Rememberonly artists that are on major labels, that get tour support, are selling large numbers of CDs, respectfully. The larger record companies are advertising their product internationally in multiple publications, which the small independent labels cannot do. My recordings have never sold in large numbers (who really has in my world of peers?) except Reachin' (Justin Time, 1996), which has chordal acquisitionist Bruce Edwards on guitar. But respectfully, I keep getting interest from producers to have my discography stay alive by being recorded on what I think are some of the more important independent labels out there. I have been fortunate because I have always got paid as a leader or sideman for my record dates and never had to produce a recording with my own monies. This is not a negative or positive, it's just economics for me.
Maybe some promoters or critics will investigate some of my new projects, and thus from that, we can get some more gigs...hey, that would be nice. So one does the best he can and hopes his music will spread a little joy and seep through the cracks where beauty rests.
AAJ: Frank Lowe figures in your important collaborations chiefly because of the arranging you did for his saxophone group. Please tell us about meeting and working with Frank.
MM: Frank Lowe was a beautiful musician and person. He who had a tone to die for on tenor saxophone. When you heard just one note from Lowe, you knew it was Lowe...an original voice and composer in the modern avant-garde scene of the late twentieth century. Frank knew how to breathe correctly when he played saxophone, which enabled him to get that soulful, unique and undeniable tone. Lowe grew up in Memphis and heard all the soul (Stax Records) one could digest while in his formative years. Whenever anyone met Frank, they knew that they were in the presence of a hip, sweet cat.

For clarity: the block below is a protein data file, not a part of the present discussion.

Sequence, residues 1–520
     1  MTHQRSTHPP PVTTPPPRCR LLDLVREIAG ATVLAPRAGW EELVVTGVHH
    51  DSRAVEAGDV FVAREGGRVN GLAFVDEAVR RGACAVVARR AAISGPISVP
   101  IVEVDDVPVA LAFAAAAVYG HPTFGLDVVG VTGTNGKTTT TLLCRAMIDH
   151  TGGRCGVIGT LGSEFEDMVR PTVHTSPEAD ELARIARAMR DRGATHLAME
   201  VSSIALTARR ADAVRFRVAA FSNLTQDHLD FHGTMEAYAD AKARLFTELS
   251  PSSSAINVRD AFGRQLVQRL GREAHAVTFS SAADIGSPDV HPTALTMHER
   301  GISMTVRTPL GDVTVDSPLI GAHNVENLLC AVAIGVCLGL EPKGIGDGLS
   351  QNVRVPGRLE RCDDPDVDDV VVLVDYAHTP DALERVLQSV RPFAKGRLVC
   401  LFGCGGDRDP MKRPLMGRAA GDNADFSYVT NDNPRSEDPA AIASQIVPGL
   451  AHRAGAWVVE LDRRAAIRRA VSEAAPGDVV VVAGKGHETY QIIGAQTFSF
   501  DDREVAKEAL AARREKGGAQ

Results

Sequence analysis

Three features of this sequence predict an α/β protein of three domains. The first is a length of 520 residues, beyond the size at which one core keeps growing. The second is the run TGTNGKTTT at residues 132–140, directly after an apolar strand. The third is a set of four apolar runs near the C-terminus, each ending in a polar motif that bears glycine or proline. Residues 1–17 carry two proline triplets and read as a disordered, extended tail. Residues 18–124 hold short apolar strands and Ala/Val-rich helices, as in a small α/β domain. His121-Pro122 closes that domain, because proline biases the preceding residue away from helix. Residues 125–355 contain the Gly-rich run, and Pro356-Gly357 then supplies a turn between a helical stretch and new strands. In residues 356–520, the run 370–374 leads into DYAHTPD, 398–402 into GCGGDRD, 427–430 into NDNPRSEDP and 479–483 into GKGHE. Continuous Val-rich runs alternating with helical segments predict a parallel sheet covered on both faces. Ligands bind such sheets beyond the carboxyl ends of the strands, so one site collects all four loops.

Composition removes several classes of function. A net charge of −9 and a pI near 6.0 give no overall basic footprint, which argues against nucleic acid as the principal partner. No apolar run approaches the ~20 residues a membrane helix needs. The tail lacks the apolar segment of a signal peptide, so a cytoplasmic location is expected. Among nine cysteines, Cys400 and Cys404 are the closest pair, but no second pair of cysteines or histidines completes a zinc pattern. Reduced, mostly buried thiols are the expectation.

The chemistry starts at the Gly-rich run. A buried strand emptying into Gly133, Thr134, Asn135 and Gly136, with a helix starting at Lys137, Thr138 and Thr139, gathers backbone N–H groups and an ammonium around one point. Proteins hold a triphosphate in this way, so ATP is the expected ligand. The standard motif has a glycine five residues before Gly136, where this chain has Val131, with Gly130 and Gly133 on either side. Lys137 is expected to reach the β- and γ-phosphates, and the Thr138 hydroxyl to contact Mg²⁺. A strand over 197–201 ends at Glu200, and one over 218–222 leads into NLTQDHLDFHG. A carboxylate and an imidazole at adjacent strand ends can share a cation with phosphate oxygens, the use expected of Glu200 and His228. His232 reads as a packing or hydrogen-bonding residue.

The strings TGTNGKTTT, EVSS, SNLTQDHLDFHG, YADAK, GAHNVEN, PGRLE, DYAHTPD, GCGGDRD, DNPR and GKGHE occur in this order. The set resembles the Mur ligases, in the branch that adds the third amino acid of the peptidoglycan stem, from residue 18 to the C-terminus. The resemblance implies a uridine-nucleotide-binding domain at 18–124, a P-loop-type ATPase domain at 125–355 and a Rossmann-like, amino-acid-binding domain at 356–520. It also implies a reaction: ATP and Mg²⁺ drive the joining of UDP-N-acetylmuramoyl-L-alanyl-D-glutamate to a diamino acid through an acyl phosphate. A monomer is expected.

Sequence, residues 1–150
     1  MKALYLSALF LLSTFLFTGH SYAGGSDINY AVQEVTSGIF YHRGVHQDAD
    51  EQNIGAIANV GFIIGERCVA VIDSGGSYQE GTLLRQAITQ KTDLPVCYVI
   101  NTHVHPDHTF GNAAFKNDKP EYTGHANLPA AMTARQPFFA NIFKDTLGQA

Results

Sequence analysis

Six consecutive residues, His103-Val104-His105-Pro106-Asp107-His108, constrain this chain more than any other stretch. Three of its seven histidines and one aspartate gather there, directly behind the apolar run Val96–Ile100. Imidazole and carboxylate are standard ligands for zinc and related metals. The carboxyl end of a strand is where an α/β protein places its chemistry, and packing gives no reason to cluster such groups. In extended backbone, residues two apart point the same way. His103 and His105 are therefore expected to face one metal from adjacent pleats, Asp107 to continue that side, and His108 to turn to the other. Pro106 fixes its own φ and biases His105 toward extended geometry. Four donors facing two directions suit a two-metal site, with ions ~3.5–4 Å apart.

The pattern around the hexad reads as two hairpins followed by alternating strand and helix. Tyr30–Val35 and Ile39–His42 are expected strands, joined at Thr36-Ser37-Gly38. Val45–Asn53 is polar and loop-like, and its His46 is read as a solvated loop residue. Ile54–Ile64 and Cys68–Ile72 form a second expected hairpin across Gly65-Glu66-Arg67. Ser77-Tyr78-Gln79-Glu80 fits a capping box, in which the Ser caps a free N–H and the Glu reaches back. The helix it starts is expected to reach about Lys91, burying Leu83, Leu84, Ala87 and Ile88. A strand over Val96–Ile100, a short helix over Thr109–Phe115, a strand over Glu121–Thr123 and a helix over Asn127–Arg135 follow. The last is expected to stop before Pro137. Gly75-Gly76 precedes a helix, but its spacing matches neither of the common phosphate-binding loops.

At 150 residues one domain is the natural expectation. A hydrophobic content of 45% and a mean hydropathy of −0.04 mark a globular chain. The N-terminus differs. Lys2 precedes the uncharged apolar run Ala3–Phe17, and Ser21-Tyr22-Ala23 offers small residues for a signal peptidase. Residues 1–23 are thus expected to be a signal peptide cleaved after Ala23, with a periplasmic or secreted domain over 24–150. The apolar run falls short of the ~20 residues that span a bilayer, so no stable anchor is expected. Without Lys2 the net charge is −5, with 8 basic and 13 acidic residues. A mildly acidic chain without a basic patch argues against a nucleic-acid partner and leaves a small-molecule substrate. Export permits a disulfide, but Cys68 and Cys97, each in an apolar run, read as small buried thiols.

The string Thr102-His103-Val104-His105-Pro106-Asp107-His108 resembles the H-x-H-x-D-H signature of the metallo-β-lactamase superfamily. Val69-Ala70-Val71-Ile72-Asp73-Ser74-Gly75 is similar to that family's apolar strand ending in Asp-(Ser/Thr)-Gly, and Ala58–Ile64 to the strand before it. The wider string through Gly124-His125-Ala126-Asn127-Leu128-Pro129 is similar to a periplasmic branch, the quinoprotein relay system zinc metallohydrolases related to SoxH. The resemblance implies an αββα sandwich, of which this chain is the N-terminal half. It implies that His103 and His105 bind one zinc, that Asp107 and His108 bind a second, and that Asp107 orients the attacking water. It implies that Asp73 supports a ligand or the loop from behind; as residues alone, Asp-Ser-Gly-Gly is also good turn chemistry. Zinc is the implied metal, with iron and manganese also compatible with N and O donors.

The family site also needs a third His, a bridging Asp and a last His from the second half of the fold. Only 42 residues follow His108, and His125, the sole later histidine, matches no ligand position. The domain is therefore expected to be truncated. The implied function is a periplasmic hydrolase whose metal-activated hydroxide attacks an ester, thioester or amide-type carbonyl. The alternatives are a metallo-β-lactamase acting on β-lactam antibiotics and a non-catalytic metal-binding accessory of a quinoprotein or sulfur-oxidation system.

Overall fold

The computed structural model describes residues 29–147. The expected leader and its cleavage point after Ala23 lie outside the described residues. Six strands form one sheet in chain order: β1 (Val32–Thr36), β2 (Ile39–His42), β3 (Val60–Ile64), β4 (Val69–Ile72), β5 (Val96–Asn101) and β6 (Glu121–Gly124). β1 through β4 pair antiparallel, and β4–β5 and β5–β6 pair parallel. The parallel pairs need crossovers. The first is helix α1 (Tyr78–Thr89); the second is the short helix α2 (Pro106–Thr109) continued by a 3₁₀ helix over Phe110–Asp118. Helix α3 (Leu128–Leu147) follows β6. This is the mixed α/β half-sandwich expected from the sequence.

I met Lowe in NYC a couple of months before I started playing in Ted Daniel's band Energy in early '83. Lowe and I quickly developed a friendship that lasted until his passing. We had a lot in common, particularly our mutual understanding and awareness of the essence of jazz along with being woodwindists, and also our extreme knowledge of modern jazz recordings. We talked nearly everyday during our twenty years of camaraderie in Midtown Manhattan, and spent hours practicing, listening to music, exchanging ideas and living jazz. Frank was so encouraging to so many musicians that he met during his life, old or young, and always showed them respect when deserved.
Lowe loved that I could understand, hear, and read his completely original way of notating and playing music. Lowe was one-of-a-kind. I remember one time he took me down to the Lower East Side in the early '80s and introduced me to Don Cherry, Ed Blackwell and "Jazz" (Denis Charles) while they were all conversing on a corner. The next night I heard C Sharpe at the University of the Streets and was blown away (C Sharpe was part of the 1956 Lee Morgan recording on Blue Note Indeed). C Sharpe had the phraseology of Bird, but in his own way and he was very inspirational. Spiritual cata man of the times, like Lowe. During that era I also met and became friends with the late, great and under-appreciated Jimmy Vass. Lowe and I walked the streets many-a-day. There was always a story and real life drama with Frank.
. Frank always gave me positive encouragement to pursue my dream on becoming exclusively a clarinetist. We both agreed and became enthusiastic when we would listen to Alvin Batiste's tone, which we would say "draws you in like the way Tina Brooks or Coltrane did." This agreement happened innumerable times with hundreds of great jazz artists. Lowe was a walking book. Incidentally, at 5:00 AM this morning, my friend in Mississippi, drummer Alvin Fielder called me to tell me the sad news about Mr. Batiste's passing.
AAJ: How did you become involved with Frank Lowe and The Saxemple? There are at least two recordings Inappropriate Choices (ITM, 1991) and Saxemble (on Quincy Jones' label Qwest/Warner, from 1996) that feature both your playing and arranging.